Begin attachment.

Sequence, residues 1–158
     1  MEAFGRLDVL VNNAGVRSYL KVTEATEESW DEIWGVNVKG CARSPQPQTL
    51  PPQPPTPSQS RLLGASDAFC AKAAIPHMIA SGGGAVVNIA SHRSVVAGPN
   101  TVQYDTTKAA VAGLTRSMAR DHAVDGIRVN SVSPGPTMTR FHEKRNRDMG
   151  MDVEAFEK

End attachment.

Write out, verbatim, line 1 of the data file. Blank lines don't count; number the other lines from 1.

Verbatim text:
Sequence, residues 1–158